Non-Machine Tool Applications
 Tape laying machines and filament winding machines
for composites
 Welding machines, both arc welding and resistance
welding
 Component insertion machines in electronics
assembly
 Drafting machines (x-y plotters)
 Coordinate measuring machines for inspection
Benefits of CNC
 Reduced non-productive time
 Results in shorter cycle times
 Lower manufacturing lead times
 Simpler fixtures
 Greater manufacturing flexibility
 Improved accuracy
 Reduced human error
Industrial Robotics
An industrial robot is a general purpose programmable
machine that possesses certain anthropomorphic
features
 The most apparent anthropomorphic feature is the
robot’s mechanical arm, or manipulator
 Robots can perform a variety of tasks such as loading
and unloading machine tools, spot welding
automobile bodies, and spray painting
 Robots are typically used as substitutes for human
workers in these tasks
Robot Anatomy
An industrial robot consists of
 Mechanical manipulator
 A set of joints and links to position and orient the
end of the manipulator relative to its base
 Controller
 Operates the joints in a coordinated fashion to
execute a programmed work cycle
 Manipulator of
an industrial
robot (photo
courtesy of
Adept)
Manipulator Joints and Links
 A robot joint is similar to a human body joint
 It provides relative movement between two parts
of the body
 Typical industrial robots have five or six joints
 Manipulator joints - classified as linear or rotating
 Each joint moves its output link relative to its input
link
 Coordinated movement of joints enables robot to
move, position, and orient objects
Manipulator Design
Robot manipulators can usually be divided into two
sections:
 Arm-and-body assembly - function is to position an
object or tool
 Three joints are typical for arm-and-body
 Wrist assembly - function is to properly orient the
object or tool
 Two or three joints are associated with wrist
Five Basic Arm-and-Body
Configurations
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Polar
Cylindrical
Cartesian coordinate
Jointed-arm
SCARA (Selectively Compliant Assembly Robot
Arm)
Basic Arm-and-Body
Configurations
 (a) Polar, (b) cylindrical, and (c) Cartesian coordinate
Basic Arm-and-Body
Configurations
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(d) Jointed-arm and (e) SCARA (Selectively Compliant
Assembly Robot Arm)
Manipulator Wrist
 The wrist is assembled to the last link of the
arm-and-body
 The SCARA is sometimes an exception because it is
almost always used for simple handling and
assembly tasks involving vertical motions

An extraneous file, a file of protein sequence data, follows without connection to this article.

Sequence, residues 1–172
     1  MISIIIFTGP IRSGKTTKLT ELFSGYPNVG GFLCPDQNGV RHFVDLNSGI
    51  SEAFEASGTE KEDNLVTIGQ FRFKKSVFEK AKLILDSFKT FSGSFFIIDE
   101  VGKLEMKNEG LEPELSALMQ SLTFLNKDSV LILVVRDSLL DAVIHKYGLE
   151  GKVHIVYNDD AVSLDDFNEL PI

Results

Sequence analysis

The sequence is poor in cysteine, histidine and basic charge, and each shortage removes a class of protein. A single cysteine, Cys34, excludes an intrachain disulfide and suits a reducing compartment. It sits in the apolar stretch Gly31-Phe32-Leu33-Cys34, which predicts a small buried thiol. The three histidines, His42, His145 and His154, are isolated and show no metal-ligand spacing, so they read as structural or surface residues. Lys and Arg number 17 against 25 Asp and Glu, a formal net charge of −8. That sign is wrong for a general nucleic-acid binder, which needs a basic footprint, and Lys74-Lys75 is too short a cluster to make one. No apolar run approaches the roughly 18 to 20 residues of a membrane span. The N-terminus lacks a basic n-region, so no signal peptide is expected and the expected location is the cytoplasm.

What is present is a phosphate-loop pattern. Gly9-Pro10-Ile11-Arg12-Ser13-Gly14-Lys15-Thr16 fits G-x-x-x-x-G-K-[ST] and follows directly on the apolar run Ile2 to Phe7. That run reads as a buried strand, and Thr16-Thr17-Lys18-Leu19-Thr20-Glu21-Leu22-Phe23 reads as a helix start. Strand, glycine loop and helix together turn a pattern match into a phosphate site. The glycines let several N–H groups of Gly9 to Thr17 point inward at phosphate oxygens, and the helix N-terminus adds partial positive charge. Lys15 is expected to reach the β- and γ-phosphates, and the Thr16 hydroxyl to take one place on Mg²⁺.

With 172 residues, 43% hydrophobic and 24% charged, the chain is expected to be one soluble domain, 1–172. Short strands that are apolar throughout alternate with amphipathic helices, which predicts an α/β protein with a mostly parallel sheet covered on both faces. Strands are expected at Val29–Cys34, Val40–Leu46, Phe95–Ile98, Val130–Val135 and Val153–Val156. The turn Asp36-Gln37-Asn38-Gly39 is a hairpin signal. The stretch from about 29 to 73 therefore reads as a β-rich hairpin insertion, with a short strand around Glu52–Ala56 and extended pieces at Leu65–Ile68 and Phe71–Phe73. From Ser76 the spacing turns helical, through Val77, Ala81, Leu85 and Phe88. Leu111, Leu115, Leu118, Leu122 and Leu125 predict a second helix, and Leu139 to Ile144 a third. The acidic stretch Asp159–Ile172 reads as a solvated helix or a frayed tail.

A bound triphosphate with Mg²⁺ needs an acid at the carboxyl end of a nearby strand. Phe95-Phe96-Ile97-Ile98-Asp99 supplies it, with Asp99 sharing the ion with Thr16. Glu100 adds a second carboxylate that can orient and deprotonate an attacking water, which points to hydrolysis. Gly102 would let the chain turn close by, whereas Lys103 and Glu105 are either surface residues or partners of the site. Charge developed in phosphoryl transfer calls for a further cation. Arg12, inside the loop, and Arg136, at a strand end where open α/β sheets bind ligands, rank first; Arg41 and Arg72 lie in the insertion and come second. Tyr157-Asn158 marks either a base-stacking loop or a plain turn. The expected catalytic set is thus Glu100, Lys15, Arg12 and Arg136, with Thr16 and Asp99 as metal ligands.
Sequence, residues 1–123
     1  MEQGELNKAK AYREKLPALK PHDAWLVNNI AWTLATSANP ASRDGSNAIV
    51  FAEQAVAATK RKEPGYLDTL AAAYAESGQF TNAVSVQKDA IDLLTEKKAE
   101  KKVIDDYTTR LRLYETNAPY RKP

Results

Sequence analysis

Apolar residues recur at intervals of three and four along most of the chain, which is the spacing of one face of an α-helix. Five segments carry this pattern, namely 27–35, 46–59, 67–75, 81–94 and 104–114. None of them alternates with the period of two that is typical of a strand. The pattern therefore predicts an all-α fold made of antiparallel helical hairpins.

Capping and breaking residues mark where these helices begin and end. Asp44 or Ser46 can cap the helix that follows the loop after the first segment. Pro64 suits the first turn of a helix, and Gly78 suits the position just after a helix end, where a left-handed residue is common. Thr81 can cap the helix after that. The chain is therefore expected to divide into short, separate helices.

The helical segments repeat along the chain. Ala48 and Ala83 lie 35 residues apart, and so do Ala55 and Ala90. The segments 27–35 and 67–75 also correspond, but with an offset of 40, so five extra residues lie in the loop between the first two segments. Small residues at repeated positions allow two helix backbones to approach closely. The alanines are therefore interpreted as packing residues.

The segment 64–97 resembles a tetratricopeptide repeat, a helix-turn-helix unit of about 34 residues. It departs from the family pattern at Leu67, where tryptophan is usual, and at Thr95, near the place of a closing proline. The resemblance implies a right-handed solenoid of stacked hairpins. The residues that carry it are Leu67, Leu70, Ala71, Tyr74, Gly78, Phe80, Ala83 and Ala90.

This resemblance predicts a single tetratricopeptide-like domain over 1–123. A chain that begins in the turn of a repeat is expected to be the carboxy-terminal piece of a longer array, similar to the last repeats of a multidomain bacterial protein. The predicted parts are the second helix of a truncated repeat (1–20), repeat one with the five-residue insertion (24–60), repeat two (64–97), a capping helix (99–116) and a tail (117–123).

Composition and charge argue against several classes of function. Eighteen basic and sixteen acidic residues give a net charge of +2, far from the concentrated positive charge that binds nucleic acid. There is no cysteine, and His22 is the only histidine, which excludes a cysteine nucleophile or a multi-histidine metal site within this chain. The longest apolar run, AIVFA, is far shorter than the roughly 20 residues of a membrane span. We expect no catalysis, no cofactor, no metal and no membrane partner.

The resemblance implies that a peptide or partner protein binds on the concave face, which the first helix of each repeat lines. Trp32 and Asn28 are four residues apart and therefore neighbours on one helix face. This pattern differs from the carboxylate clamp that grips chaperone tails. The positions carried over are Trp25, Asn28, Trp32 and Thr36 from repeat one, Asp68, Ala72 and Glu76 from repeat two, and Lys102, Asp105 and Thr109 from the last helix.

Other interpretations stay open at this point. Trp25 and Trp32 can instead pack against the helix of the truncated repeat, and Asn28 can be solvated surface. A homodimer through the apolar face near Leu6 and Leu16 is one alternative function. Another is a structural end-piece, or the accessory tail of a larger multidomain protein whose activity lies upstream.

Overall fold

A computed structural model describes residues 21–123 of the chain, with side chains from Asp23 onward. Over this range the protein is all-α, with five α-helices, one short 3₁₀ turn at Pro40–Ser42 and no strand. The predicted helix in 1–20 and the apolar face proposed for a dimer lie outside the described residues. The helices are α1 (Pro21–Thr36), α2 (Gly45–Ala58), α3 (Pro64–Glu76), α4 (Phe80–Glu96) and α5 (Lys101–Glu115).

 A wrist is not usually present at the end of its
manipulator
 Substituting for the wrist on the SCARA is
usually a gripper to grasp components for
movement and/or assembly
End Effectors
Special tooling that connects to the robot's wrist to
perform the specific task
1. Tools - used for a processing operation
 Applications: spot welding guns, spray painting
nozzles, rotating spindles, heating torches,
assembly tools
2. Grippers - designed to grasp and move objects
(usually parts)
 Applications: part placement, machine loading
and unloading, and palletizing
Gripper End Effector
 A robot gripper: (a) open and (b) closed to grasp a
workpart
Robot Programming
 Robots execute a stored program of instructions that
define the sequence of motions and positions in the
work cycle
 Much like a part program in CNC
 In addition to motion instructions, the program may
include commands for other functions:
 Interacting with external equipment
 Responding to sensors
 Processing data
Two Basic Robot Programming
Methods
1. Leadthrough programming
 Teaching-by-showing - manipulator is moved
through sequence of positions in the work cycle
and the controller records each position in
memory for subsequent playback
2. Computer programming languages
 Robot program is prepared at least partially offline for subsequent downloading to robot
controller
Where Should Robots be Used?
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Work environment is hazardous for humans
Work cycle is repetitive
The work is performed at a stationary location
Part or tool handling is difficult for humans
Multi-shift operation
Long production runs and infrequent changeovers
Part positioning and orientation are established at the
beginning of work cycle, since most robots cannot
see
Applications of Industrial Robots
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Three basic categories:
1. Material handling
 Moving materials or parts (e.g., machine
loading and unloading)
2. Processing operations
 Manipulating a tool (e.g., spot welding, spray
painting)
3. Assembly and inspection
 May involve moving parts or tools
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NUMERICAL CONTROL AND INDUSTRIAL ROBOTICS